Only days before the United States marks the tenth anniversary of the horrifying 9/11 attacks, we’re hearing, for the first time, the full audio recordings of communications between military and civilian air traffic controllers on that fateful day.
The multimedia document, published by the Rutgers Law Review, provides a rare look at how government agencies responded -- blow-by-blow -- to the hijacking of the four planes as the drama was actually unfolding, according to ABC News, which played the tapes on Good Morning America on Thursday.
"We have a problem here. We have hijacked aircraft headed towards New York and we need you guys to, we need someone to scramble some F-16s or something up here to help us out," a worker at Boston Center's Traffic Management Unit said at 8:37 a.m., according to the tapes.
At the time, no planes had struck any targets, and the official on the other end of the line -- unaware of the approaching tragedy -- asked if it was all a test.
"No, this is not an exercise, this is not a test," the worker replied.
While some of the recordings had been played during the 9/11 Commission hearings in 2004, other parts had not been heard before they were transferred to the National Archives after the commission was shut down the same year.
Another portion of the recording showed the horror from officials as they personally saw United Flight 175 crash into the World Trade Center.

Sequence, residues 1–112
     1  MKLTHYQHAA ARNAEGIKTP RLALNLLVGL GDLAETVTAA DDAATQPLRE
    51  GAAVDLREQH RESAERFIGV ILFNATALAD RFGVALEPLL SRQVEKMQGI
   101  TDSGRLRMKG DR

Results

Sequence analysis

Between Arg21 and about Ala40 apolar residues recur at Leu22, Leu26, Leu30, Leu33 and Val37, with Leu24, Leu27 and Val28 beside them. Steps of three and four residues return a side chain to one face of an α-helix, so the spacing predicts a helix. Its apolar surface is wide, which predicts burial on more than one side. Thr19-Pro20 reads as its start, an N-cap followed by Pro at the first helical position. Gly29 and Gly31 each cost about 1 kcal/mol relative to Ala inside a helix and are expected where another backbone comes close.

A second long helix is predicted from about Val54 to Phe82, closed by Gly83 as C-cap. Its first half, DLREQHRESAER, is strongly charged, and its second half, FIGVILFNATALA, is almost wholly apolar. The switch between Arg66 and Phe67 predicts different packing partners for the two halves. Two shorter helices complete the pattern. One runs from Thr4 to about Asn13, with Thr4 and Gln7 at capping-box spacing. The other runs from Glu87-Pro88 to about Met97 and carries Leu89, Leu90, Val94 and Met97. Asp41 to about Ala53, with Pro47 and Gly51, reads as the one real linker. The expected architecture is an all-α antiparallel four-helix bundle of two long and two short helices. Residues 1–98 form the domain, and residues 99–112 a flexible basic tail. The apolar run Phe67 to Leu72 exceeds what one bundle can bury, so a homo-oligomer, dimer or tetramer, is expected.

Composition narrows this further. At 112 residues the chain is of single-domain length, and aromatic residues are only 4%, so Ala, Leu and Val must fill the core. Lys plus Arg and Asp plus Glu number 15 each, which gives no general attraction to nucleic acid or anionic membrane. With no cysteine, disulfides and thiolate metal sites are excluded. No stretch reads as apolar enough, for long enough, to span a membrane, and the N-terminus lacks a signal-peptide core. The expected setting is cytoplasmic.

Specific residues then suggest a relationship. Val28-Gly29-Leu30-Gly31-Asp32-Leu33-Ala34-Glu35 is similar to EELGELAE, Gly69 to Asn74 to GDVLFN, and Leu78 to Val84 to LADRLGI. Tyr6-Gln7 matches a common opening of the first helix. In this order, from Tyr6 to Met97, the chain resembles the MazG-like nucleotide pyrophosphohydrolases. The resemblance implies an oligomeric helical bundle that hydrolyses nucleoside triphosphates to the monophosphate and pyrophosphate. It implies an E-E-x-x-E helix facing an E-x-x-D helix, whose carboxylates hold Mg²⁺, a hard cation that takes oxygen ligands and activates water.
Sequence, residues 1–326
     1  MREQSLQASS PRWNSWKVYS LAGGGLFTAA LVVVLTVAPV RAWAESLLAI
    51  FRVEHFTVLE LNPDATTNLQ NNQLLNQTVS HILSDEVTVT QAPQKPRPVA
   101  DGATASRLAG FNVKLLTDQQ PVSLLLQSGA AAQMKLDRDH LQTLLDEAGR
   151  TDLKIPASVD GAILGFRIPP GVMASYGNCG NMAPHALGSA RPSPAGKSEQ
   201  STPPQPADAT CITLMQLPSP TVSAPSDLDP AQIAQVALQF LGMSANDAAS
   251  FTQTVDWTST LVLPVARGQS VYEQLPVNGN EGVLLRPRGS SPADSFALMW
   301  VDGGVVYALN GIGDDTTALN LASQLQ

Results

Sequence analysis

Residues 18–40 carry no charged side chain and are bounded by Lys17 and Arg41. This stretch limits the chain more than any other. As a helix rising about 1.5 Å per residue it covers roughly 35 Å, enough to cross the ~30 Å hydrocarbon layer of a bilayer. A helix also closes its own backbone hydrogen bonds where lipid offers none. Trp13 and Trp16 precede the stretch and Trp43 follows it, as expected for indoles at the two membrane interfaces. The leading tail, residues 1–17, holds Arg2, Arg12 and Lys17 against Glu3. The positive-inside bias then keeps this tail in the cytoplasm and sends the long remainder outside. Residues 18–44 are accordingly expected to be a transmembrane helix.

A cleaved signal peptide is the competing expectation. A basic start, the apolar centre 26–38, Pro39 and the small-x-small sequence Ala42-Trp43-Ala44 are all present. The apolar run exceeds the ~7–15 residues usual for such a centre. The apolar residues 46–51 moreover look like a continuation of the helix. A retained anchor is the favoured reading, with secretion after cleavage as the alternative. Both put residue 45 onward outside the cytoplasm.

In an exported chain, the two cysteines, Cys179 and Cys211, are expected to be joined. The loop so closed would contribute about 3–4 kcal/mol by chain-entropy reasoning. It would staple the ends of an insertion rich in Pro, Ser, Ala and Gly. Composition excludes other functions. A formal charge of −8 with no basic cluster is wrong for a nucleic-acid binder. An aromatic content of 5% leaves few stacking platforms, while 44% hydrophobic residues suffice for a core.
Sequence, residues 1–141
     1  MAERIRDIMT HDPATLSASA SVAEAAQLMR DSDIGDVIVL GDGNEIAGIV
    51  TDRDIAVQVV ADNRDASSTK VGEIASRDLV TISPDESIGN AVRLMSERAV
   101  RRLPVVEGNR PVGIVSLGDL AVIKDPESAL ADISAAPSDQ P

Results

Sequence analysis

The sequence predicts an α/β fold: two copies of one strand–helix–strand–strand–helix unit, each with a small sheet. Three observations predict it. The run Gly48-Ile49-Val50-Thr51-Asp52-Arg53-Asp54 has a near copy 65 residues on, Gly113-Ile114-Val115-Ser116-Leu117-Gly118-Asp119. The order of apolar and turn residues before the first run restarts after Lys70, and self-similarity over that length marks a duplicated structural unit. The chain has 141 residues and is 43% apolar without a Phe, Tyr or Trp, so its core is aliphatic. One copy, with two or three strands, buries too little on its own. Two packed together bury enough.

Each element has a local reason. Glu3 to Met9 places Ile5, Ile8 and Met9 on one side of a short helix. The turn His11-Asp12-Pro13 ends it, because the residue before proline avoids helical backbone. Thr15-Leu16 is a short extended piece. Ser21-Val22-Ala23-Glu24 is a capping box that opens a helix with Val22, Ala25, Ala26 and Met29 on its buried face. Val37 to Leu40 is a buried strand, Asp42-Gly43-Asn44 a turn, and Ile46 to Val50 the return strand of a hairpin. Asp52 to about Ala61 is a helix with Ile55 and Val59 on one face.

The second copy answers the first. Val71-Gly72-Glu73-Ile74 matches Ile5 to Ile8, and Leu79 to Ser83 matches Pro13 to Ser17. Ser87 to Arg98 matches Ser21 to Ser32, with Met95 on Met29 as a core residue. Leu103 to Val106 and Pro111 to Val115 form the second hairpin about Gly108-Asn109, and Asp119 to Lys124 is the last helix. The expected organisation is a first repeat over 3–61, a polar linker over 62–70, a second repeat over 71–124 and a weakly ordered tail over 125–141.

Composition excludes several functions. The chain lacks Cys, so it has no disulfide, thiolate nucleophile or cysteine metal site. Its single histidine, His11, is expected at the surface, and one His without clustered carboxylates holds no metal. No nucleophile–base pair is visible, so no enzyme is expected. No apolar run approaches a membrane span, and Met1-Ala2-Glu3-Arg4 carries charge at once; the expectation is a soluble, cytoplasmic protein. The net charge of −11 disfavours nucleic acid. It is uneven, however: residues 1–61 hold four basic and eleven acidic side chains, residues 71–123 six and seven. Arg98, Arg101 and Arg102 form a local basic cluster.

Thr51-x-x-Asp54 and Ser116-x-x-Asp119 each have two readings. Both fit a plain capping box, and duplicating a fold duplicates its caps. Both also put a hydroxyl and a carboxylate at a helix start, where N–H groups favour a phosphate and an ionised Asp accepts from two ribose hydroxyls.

"Hey, can you look out your window right now?... Can you see a guy at about 4,000 feet, about five East of the airport right now?... Do you see that guy -- look -- is he descending into the building also?" one official asks another.
Seconds after the person on the other end of the line says yes to all the questions, the plane explodes inside the South Tower of the World Trade Center.
"Wow. Another one just hit it hard. Another one just hit the World Trade," a person says in the background of the tape. "Oh my God."
According to the New York Times, which first reported on the release of the tapes, one key recording remains unreleased: the recording from the last half hour in the cockpit of United Flight 93 that crashed in Pennsylvania instead of its intended target in Washington DC.
Although it was played at the trial for one of the people behind the 9/11 attacks, the families of the passengers who fought the hijackers requested the audio not be made public.